Last year, Canadian mom Melissa Lopez took her ten-year-old to the dentist, where she learned the girl had nine cavities. After seeking a second opinion, Lopez decided to go with the new dentist for her daughter’s treatment. But in June, Lopez received a call from the Children’s Aid Society ”” the original dentist had reported Lopez for possible oral neglect of her daughter.
When the first dentist told Lopez that her daughter, Elianna, would require thousands of dollars in dental work, she was stunned. Her family didn’t have dental insurance, meaning Melissa would have to pay the expenses out-of-pocket. When Lopez took Elianna to get a second opinion, the new dentist told her that her daughter had fewer cavities. Lopez did what any sane person would do and had the second dentist treat her daughter. However, she never told the original dentist that she’d taken her daughter elsewhere. “We’ve switched dentists before and never notified the previous one,” she said to CBC Toronto.
Six months later, Lopez received the call from the Children’s Aid Society.
“I couldn’t believe it,” Lopez said to CBC Toronto. “As a mother, you pride yourself on how you raise your kids. I have three kids ”” they’re healthy, they’re happy, they do great in school, they have lots of friends. For someone to turn around and try to accuse me of neglecting her, it’s absurd.”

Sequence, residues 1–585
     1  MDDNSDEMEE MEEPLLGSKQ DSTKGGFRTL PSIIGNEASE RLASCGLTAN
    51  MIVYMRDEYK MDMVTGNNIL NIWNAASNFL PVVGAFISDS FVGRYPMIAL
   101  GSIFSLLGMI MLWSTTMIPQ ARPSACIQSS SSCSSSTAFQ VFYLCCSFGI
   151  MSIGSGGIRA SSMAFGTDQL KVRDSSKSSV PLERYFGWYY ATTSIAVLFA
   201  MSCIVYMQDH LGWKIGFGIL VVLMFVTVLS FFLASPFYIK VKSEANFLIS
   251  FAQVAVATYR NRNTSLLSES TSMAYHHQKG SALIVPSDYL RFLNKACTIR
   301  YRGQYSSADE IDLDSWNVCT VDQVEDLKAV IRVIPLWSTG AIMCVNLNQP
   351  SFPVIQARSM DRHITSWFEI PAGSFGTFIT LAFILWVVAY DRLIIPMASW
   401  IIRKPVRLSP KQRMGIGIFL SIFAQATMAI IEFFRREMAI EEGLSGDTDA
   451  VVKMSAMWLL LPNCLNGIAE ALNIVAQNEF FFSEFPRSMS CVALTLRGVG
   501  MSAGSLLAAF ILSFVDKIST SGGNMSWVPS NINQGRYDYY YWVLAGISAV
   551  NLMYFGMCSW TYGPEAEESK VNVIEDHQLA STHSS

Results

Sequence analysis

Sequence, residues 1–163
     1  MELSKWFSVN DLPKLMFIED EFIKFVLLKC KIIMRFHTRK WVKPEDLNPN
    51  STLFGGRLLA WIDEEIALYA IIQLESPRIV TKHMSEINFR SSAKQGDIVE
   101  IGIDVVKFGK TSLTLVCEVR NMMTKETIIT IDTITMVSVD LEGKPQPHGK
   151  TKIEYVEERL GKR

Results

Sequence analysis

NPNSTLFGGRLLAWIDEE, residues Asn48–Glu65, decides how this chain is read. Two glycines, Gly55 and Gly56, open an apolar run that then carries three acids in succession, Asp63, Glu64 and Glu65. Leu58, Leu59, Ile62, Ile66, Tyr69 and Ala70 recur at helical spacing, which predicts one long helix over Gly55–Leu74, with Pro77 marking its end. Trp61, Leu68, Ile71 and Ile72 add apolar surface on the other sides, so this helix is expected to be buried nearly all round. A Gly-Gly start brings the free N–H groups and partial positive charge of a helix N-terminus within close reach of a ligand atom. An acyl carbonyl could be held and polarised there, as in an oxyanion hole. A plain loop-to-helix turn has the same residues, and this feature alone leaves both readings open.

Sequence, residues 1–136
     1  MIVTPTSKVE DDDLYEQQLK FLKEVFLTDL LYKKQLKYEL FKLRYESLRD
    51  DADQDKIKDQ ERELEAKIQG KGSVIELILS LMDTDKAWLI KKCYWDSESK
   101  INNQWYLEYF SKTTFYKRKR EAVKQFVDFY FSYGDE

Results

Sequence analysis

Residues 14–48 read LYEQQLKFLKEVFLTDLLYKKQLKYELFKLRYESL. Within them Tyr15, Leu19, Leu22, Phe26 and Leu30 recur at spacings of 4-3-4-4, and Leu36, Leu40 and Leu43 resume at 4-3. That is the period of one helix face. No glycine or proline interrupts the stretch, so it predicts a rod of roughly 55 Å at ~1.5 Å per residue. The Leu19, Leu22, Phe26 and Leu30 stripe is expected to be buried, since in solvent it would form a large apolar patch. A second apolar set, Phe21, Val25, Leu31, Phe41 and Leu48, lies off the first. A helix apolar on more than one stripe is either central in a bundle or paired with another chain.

When Lopez was able to prove that her daughter had her dental work done elsewhere, the CAS case was closed. Yet, Lopez now has a permanent file with the CAS office, and she is pissed. “It will always be there, 10, 15, 20 years from now,” said Lopez. “I’m red-flagged, I’ve been marked, and there’s no reason for this to have happened.”
Lopez thinks it’s absurd that the dentist could report her to CAS without knowing all the facts. She says that while she never responded to the dental office’s reminders about booking an appointment, she doesn’t think that should be a red flag considering how often people switch dentists. Also, “there was no sort of letter stating they’re concerned for her health,” Lopez said. But according to Kevin Marsh, the director of communications for the Royal College of Dental Surgeons of Ontario, health care professionals are required to report suspected neglect. “You don’t have to have proof of abuse or neglect, just reasonable grounds,” Marsh said.
Unfortunately for Lopez, the CAS keeps all files for “accountability purposes,” even though she was able to prove there was no neglect. As she said to CBC Toronto, “I would absolutely love it if they would just remove that file for me, because I don’t feel there was any just reason to report me in the first place.”
(Image: CBC / Melissa Lopez)